City of Myrtle Beach trash bin travels across Atlantic Ocean, washes ashore in Ireland
MYRTLE BEACH, S.C. (WMBF) – A trash bin from Myrtle Beach has made its way across the Atlantic Ocean.
Keith McGreal, who lives along Ireland’s west coast, said he found the blue bin in Mulranny, Co. Mayo on Sunday.
McGreal told WMBF News that he and his family were taking a stroll on the beach when they saw a large object had washed up on the shore.
The trash bin became somewhat weathered throughout the journey, but the city of Myrtle Beach’s logo is still clearly seen.
McGreal said up until this point, he knew very little about Myrtle Beach. But after finding the bin, he said his family immediately did some research and learned about how far the object had traveled.
McGreal added it’s rare for him and his family to find something identifiable on the beach that they could trace back to an actual location.
“This is like a message in the bottle. The fact I’m talking to you, people on social media, it’s opening up those channels of communication between two communities on either side of the world and that for me is important,” McGreal said.
He added that the bin discovery was also a teaching moment for his family about how far debris can travel in the water.
Meanwhile, there’s no way of knowing when the city of Myrtle Beach lost the trash bin but officials believe it may have been blown away during a storm.
“I don’t think it’s possible to tell when it went missing, but it probably was during a wind or storm event. We typically remove trash containers from the beach before a hurricane, but this one apparently had a mind of its own,” the city of Myrtle Beach said on Facebook.
Some experts provided additional insight about how the trash made its nearly 4,000-mile journey from the Grand Strand to Europe.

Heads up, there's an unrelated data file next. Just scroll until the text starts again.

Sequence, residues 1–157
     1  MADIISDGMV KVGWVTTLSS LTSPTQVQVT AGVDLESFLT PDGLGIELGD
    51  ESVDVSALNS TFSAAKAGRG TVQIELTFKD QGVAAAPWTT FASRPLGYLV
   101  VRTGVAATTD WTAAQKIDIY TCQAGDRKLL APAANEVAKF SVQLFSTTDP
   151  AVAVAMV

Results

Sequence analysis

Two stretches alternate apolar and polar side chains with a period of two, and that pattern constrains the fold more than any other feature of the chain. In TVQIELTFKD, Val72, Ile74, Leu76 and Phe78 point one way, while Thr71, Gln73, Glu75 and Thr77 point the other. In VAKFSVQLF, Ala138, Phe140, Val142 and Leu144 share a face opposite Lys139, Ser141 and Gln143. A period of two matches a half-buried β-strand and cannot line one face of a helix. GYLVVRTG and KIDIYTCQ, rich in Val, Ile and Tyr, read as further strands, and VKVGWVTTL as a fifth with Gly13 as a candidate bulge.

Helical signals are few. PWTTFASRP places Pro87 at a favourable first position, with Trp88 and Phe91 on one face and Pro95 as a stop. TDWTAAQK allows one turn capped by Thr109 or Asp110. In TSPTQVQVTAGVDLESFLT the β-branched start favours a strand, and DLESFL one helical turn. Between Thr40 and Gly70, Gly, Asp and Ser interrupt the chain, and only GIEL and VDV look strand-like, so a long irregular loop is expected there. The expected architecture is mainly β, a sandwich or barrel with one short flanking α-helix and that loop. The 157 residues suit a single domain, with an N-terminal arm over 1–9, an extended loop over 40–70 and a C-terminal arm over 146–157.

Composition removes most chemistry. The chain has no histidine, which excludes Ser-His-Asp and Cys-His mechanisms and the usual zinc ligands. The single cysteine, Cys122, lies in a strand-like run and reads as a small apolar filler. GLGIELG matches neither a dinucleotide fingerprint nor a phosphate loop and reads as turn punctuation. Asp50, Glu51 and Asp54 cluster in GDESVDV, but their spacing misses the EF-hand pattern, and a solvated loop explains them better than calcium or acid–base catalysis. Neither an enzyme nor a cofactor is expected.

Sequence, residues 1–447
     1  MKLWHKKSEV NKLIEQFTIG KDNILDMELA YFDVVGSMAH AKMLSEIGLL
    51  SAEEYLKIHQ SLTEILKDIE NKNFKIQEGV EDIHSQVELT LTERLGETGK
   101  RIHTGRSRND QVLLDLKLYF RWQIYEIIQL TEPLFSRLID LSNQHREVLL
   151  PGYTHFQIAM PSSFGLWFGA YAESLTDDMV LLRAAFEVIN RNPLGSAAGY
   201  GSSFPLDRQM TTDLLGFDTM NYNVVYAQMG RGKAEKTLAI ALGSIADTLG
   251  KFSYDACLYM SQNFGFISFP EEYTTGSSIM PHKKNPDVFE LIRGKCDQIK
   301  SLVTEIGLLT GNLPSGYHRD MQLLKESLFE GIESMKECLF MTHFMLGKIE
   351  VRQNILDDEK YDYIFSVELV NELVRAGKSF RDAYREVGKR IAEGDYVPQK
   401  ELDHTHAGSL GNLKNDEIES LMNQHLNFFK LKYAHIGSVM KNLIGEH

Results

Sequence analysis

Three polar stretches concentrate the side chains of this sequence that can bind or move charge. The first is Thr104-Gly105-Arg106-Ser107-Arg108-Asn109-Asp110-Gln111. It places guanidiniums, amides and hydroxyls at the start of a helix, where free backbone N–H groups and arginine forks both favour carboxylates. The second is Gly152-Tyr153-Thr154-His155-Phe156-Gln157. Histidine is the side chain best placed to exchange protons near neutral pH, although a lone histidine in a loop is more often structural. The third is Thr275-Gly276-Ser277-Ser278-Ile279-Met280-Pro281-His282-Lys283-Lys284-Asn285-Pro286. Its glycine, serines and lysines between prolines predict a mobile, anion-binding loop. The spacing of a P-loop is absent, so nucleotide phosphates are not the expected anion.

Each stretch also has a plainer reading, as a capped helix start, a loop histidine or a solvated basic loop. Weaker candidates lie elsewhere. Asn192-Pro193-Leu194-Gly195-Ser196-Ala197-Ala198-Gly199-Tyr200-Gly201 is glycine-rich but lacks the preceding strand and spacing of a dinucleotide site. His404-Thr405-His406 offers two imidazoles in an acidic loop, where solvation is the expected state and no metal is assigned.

“It’s not all that unusual actually,” said Paul Gayes, executive director of the Center for Marine and Wetland Studies at Coastal Carolina University. “There’s a large-scale circulation in the Atlantic Ocean and we’re familiar with one arm of that current which is the Gulf Stream. The Gulf Stream is a very strong, warm current that runs from South to North along the East Coast and North America.”
“The Gulf Stream flows roughly parallel to our coast until it gets to the Outer Banks to North Carolina,” said Frank Strait, severe weather liaison for the South Carolina Department of Natural Resources, Land Water and Conservation Division. “Then it turns more East-Northeastward from there. Then flows up to 40 degrees North and 30 degrees West before it starts to branch off in three different directions. One of those branches goes toward to Ireland, so that’s likely what happened.”
“We sometimes will see debris that comes off the East Coast of the United States move up the Gulf Stream, get into that North Atlantic current, and come across and get deposited in Europe,” said Clayton Whitesides, associate professor of geography at Coastal Carolina University. “This is part of the North Atlantic Subtropical Gyre. It’s this big circular motion of four different currents.”
Experts say a big takeaway from the story is for people to be even more attentive about anything that could float into the water.
“It’s direct evidence that what enters the ocean floats around and gets transported places,” said Whitesides. “I think it shows us we should be cognizant of where our waste is going so when you do go to the beach, to ensure you do collect your trash and get it into the correct bins. Or when you’re recreationally on any of our waterways, you think about some of the debris that may end up in those water bodies and ultimately make it to the ocean and once they make it to the ocean, there’s potential for them to get transported in the North Atlantic Gyre. There’s also potential for it to get stuck in the middle of the gyre.”
McGreal said the trash bin is currently being used as a trash receptacle on the remote stretch of beach where it was found.
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